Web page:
Cancers tied to obesity increasing in young adults
A new study has found that six obesity-related cancers are on the rise in young adults, another sign of the worldwide epidemic of excess weight.
The individual risk of cancer remains small in young adults, and unrecognized factors may also be at play. Still, the study found that for millennials and Generation Z — people in their 30s and even their 20s — incidence rates are rising for endometrial, gallbladder, kidney, multiple myeloma, pancreatic, and colorectal cancers, all of which have been linked to obesity.
To put it in perspective, millennials (those born between the early 1980s and mid-1990s) are twice as likely to develop four of those cancers — colorectal, endometrial, pancreatic and gall bladder — as baby boomers (born from 1946 to 1964) were at the same age.
The researchers, from the American Cancer Society and the National Cancer Institute, first reported the increase in colorectal cancer among young adults — a trend that defies an overall steady decline in colon cancer — several years ago. They extended that analysis by using cancer registries to examine age-specific trends over the last two decades for 30 types of cancers, including 12 known to be linked to obesity.
Although the public is generally not aware, scientists have found that cancer can be fueled by the same metabolic abnormalities that occur in obesity and a related disease, diabetes.
The new study, published in Lancet Public Health, also looked at 18 cancers that are not related to obesity, including malignancies caused by smoking and infections. Only two of these cancers (gastric and leukemia) were increasing in young adults, while the rest were stable or decreasing.
Cancer remains a disease primarily driven by aging. Colon cancer is now diagnosed in about one in 100,000 people in their 20s, compared with 50 in 100,000 people in their early 60s. Pancreatic cancer strikes two in 100,000 people ages 25 to 49, compared with 37 in 100,000 adults ages 50 to 84.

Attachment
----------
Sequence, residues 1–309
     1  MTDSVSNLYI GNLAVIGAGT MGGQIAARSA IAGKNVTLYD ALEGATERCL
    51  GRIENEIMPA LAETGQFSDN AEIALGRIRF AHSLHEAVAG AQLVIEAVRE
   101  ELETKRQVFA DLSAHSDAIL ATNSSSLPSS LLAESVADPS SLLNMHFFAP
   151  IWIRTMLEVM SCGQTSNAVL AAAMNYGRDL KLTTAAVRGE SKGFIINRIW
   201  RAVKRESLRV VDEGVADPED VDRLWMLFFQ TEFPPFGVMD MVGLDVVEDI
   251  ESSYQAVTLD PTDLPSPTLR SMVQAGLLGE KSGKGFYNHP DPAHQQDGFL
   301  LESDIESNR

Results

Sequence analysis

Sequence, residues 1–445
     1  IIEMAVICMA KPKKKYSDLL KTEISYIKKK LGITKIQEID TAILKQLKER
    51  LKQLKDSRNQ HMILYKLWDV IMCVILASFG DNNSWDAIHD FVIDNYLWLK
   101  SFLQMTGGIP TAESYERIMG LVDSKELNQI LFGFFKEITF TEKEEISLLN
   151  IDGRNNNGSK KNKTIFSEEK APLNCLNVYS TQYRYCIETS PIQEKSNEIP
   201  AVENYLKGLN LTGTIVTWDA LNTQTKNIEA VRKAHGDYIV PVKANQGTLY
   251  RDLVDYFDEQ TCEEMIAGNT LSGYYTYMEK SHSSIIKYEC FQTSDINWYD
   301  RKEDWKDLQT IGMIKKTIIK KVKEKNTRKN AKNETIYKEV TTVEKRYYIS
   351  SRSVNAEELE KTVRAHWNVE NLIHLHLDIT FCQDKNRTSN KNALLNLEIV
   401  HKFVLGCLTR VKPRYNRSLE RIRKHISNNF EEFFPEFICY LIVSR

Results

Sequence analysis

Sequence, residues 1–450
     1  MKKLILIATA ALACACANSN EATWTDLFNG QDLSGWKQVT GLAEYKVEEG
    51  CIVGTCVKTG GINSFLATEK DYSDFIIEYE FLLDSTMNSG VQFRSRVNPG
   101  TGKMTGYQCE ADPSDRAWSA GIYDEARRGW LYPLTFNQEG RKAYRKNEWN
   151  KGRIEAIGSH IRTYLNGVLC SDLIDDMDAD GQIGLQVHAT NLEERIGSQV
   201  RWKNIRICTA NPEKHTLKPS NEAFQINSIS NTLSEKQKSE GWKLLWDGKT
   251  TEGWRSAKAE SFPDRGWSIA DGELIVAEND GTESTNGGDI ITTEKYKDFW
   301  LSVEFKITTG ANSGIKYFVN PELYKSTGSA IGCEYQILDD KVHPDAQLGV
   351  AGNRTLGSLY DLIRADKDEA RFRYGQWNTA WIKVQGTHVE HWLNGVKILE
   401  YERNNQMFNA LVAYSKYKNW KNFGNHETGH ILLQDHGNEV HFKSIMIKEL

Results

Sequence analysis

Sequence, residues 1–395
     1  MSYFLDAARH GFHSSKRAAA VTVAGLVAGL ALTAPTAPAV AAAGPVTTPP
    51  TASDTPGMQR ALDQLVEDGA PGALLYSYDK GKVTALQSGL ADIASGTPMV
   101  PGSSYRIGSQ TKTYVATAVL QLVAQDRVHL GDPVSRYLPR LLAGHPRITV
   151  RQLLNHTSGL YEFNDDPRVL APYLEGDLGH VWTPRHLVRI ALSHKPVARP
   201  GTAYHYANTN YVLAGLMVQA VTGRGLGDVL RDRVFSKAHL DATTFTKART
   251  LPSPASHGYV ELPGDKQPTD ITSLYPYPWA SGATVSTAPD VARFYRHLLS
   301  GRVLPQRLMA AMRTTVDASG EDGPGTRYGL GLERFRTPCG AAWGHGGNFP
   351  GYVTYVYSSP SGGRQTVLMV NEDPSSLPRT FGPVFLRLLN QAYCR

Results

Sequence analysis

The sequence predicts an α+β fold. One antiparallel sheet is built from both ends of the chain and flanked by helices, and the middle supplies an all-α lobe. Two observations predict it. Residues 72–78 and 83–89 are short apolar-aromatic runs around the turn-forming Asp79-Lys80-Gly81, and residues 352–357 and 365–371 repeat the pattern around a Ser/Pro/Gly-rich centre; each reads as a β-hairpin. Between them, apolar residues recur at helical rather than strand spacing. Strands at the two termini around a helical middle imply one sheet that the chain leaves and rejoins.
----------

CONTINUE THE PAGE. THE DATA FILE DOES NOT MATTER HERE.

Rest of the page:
However, more Americans are being exposed to a carcinogen — namely, excess weight — for most or all of their lives. Between 1980 and 2014, the prevalence of overweight and obesity among children and adolescents grew by 100 percent. More than a third are now overweight, defined as a body mass index of 25 to 29, or obese, defined as a BMI of 30 or more. The prevalence during those years grew by 60 percent among adults, of whom 78 percent are now too heavy, according to federal data.
“The future burden of these cancers could worsen as younger cohorts age, potentially halting or reversing the progress achieved in reducing cancer mortality over the past several decades,” said senior author Ahmedin Jemal, scientific vice president of surveillance at the American Cancer Society.
That concern was echoed by Pamela Goodwin, an oncologist at Mount Sinai Hospital and a professor at the University of Toronto who has studied the role of diet, weight, and exercise in breast cancer.
“The study provides a cautionary tale — that recent improvements in cancer mortality, reflecting factors such as smoking cessation, early diagnosis, and improved treatment, may not continue,” she said. “The improvements may actually be reversed by increased rates of obesity-associated cancers in those exposed to obesity in childhood or early adulthood.”
The public health implications are clear, experts said.
“This study, and others like it, just highlight the need to continue to inform people, particularly children and young adults, about the importance of a healthy diet and lifestyle,” said Ryan Dowling, a biochemist at Princess Margaret Cancer Center in Toronto who studies how obesity disrupts metabolism.